CHAMPAIGN – The aim of the assembly at South Side Elementary School Tuesday afternoon was to encourage students to read, develop healthy habits and be respectful – goals that many elementary teachers are likely talking about at the start of the school year.
But this gathering began with chants of "I-L-L, I-N-I," and the appearance of special guests introduced as "superstars" by literacy specialist Amanda Bell. Illinois quarterback Juice Williams and wide receiver Arrelious Benn were at South Side to represent the "run" portion of the "Read, Run, Respect" program happening at the school all this month.
The football players usually talk to older audiences, but both said they love seeing little kids.
"We get ovations a lot, but when you see little kids doing it, it really humbles you," Williams said.
Benn said the younger fans look up to the players they see on TV, and it gives them a chance to influence them earlier in life.
"How many of you like school?" Benn asked the students. "I love school."
"How many of you like recess?" he asked, as every hand shot up.
He asked how many had done their homework, and told them his favorite subject was history.
The South Side students also learned that Williams' favorite snack used to be Honey Buns.
"It tasted good, but it's not that healthy," he told them, adding that now he eats granola bars, apples or some other type of fruit for snacks.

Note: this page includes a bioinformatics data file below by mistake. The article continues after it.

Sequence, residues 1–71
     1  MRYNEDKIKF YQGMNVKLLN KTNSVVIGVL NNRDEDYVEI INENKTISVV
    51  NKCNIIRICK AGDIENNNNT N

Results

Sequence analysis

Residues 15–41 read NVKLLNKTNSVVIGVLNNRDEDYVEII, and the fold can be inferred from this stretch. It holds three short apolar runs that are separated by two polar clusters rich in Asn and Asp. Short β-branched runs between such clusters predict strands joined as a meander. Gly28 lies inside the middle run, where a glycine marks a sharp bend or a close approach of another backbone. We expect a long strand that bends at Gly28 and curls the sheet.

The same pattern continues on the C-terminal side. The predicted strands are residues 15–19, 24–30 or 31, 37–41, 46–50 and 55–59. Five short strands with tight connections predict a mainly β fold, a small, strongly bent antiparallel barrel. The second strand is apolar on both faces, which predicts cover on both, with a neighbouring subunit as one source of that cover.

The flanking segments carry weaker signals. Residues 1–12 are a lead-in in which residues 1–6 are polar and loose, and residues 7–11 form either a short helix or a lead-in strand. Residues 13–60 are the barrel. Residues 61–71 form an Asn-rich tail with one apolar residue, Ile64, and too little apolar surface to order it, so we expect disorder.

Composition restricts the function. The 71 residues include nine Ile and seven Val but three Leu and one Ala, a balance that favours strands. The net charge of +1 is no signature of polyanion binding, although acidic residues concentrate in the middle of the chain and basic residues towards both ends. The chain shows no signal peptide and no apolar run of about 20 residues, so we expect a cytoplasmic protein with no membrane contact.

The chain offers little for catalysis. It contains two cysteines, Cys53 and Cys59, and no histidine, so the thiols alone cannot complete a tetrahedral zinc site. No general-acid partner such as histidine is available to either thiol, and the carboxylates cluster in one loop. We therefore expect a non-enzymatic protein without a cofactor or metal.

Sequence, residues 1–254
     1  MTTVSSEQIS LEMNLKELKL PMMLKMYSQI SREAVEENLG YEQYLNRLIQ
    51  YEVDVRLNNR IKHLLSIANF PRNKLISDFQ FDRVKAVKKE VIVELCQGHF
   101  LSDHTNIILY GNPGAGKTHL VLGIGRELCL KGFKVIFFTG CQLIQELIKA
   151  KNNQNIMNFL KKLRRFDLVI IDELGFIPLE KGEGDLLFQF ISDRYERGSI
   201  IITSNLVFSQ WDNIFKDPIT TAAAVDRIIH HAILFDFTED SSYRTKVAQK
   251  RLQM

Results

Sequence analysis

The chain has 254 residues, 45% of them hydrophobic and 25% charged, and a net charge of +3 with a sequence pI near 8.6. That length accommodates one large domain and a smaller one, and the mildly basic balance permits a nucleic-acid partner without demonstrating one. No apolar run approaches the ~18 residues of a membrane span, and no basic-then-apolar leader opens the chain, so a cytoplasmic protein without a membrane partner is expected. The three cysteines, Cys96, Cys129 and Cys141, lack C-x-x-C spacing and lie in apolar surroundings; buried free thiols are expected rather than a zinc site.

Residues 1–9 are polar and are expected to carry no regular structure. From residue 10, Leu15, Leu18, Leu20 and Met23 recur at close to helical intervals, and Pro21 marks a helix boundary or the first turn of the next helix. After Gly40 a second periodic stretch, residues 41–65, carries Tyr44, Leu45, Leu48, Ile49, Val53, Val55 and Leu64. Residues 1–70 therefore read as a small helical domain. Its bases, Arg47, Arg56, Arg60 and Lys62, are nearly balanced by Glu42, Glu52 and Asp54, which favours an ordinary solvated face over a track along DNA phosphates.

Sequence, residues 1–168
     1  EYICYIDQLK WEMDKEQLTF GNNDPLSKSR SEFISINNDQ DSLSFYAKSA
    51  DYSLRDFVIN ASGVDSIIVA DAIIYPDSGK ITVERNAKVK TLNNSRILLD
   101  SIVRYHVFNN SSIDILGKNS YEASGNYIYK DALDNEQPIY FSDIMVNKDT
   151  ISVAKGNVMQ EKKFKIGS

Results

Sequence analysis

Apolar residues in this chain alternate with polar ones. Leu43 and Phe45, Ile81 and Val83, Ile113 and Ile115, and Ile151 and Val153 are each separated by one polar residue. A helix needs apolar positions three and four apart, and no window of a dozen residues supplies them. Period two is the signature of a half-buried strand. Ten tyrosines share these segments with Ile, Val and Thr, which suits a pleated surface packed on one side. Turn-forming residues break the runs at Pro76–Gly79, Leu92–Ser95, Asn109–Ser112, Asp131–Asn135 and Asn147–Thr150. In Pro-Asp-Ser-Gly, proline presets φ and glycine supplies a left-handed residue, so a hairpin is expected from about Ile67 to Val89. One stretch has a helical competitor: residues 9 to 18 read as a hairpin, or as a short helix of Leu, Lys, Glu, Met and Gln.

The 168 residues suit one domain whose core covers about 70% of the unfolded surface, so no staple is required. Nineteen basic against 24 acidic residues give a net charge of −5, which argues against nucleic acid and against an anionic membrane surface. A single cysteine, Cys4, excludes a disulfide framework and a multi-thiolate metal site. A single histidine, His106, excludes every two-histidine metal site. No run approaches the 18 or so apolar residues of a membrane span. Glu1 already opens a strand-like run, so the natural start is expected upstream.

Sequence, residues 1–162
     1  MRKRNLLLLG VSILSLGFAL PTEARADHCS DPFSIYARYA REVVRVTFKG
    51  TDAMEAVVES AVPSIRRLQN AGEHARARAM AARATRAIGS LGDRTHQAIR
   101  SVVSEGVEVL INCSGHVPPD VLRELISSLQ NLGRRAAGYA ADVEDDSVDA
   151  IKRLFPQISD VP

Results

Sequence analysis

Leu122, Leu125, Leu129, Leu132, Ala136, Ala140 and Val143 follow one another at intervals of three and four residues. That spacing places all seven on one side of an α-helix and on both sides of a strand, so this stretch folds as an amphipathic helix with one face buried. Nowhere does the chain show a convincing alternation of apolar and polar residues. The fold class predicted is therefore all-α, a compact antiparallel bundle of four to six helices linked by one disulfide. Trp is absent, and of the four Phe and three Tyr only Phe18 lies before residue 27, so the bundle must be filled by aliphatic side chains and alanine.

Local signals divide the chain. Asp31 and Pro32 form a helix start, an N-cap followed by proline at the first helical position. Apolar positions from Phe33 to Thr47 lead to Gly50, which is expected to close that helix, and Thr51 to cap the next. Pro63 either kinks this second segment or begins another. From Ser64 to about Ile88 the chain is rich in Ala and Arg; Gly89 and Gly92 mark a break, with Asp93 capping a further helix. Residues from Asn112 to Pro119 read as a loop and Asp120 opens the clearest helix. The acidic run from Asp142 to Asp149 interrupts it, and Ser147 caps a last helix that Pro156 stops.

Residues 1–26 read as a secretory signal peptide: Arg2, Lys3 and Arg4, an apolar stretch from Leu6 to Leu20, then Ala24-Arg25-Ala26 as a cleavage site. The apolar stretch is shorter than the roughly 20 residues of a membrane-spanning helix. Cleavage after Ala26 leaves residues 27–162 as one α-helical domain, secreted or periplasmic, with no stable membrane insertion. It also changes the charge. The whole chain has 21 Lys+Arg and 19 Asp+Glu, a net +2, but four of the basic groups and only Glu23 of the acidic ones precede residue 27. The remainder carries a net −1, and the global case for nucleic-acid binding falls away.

Williams also talked to the children about schoolwork.
"You see me and Arrelious out there on the football team, and you don't think about academics. You just thinking about us making plays," he said. But they need to think about studying and going to school and be able to play football, he said.
The two signed autographs that would be copied for all the students – eliciting a loud cheer from the kids – and they listened to fifth-grade teacher Jaime Roundtree rap at the close of the program.
"That was a first," Williams said after he and Benn briefly joined in on the rap.
South Side Principal Bill Taylor said he wants to establish a relationship between the school and the athletics department at the University of Illinois. He is friends with offensive football coordinator Mike Locksley, and talked with him about having some football players visit the school at the start of the year. Taylor was able to arrange to have Williams and Benn speak through the athletics department's Hometown Heroes program.
Bell said the "Read, Run, Respect" program fits with the school's curriculum and is an incentive for the children to read and exercise during the first month of school, as well as to build a sense of community. The students will keep track of the time they spend reading, exercising and showing respect, at school and at home.
South Side received money from a C-U Schools Foundation Splash Grant and several sponsors to buy book sacks, wristbands, pencils, T-shirts and healthy snacks for the students.